Bush was also hassled for so-called signing statements citing provisions of a bill he might not enforce. Charlie Savage, then of the Boston Globe, won a Pulitzer Prize for “his revelations” about Bush’s practice. And, not surprisingly, Obama promised not to do signing statements. Yet he has continued the practice, eliciting some coverage, but none of the outrage that was directed at Bush.
In his efforts to combat terrorism, Bush was accused of exceeding presidential authority. But Obama has made recess appointments when the Senate wasn’t in recess and rewritten parts of immigration and welfare law by executive order, clearly stretching his authority beyond constitutional limits. The press praised the immigration change and winked at the others.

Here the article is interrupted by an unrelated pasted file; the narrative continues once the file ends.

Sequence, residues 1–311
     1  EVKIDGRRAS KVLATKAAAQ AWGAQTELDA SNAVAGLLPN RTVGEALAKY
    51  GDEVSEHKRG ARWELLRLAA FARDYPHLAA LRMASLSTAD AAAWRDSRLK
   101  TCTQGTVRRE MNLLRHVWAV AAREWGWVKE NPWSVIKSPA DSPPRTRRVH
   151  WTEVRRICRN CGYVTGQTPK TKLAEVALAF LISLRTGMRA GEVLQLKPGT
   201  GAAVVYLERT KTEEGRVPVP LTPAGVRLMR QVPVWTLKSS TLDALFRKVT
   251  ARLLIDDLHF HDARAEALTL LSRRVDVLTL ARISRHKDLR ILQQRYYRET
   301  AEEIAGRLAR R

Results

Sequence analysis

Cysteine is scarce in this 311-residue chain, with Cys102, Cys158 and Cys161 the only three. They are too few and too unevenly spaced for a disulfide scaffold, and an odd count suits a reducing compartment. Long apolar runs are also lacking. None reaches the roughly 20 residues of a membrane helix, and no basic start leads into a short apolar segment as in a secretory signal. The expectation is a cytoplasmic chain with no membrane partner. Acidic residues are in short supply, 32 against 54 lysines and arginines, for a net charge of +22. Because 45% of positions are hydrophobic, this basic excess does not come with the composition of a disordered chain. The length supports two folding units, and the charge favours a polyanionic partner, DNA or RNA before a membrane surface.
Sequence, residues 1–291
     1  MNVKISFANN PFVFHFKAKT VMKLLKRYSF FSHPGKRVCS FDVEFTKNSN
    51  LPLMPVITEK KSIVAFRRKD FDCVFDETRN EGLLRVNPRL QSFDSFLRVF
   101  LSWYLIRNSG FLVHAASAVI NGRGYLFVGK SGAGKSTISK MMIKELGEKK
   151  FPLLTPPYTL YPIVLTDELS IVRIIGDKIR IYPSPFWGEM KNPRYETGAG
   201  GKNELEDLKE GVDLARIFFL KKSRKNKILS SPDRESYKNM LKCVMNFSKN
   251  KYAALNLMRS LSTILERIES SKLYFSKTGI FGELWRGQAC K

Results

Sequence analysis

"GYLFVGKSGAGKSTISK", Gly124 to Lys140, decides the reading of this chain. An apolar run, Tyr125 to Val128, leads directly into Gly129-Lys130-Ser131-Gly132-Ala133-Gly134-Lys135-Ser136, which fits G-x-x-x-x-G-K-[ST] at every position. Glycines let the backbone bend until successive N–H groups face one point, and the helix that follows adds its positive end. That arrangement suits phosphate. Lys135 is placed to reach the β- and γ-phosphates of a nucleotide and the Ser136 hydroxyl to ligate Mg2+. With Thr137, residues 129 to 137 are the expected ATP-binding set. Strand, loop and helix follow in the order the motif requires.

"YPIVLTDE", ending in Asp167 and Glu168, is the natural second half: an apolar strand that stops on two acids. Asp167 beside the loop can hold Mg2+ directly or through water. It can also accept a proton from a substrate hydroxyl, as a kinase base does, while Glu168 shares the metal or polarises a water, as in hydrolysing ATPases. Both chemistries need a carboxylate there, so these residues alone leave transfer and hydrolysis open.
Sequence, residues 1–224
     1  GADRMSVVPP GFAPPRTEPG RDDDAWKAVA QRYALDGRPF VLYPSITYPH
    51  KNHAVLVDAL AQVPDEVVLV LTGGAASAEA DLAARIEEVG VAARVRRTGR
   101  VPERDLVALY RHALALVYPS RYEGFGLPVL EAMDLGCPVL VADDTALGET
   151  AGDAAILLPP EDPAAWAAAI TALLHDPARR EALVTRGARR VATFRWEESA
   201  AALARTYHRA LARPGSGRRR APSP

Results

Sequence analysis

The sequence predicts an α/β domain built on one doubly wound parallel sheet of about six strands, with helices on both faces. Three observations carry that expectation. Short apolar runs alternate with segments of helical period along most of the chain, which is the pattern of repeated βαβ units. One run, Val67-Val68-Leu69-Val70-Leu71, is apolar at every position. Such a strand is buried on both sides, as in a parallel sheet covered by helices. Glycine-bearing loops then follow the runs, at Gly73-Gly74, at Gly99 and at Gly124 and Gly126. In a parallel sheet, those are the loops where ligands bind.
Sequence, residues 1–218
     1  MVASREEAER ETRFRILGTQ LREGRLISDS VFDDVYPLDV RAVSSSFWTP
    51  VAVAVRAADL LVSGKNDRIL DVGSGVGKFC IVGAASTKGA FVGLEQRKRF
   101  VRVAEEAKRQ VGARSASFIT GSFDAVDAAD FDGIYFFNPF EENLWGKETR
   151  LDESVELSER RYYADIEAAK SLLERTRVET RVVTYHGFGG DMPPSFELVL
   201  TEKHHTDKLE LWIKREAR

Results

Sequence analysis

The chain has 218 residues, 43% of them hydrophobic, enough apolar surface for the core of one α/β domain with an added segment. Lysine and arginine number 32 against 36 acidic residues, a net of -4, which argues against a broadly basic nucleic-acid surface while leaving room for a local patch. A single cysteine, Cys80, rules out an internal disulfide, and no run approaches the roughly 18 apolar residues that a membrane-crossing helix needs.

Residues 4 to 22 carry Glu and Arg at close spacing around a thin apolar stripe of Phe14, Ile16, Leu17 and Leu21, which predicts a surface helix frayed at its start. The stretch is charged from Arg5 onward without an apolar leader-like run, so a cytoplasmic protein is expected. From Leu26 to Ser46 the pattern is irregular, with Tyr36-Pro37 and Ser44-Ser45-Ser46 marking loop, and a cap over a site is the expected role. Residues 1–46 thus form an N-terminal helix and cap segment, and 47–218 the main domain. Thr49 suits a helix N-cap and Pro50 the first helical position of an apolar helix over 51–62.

It doesn’t take much imagination to come up with actions that would have aroused the press if committed by Bush, but didn’t with Obama. The list is long. Both the Fast and Furious gunrunning scandal and the Benghazi -killings would have led to months of stories, investigative reports, and outraged commentary. But the media proved to be largely incurious in Obama’s case.
Hurricane Sandy created damage in the billions in New Jersey, New York, and Connecticut. The role of Obama and his administration in handling the emergency was scarcely addressed. It’s doubtful Bush would have been let off so easily. He certainly wasn’t in 2005 after Katrina ravaged the Gulf Coast.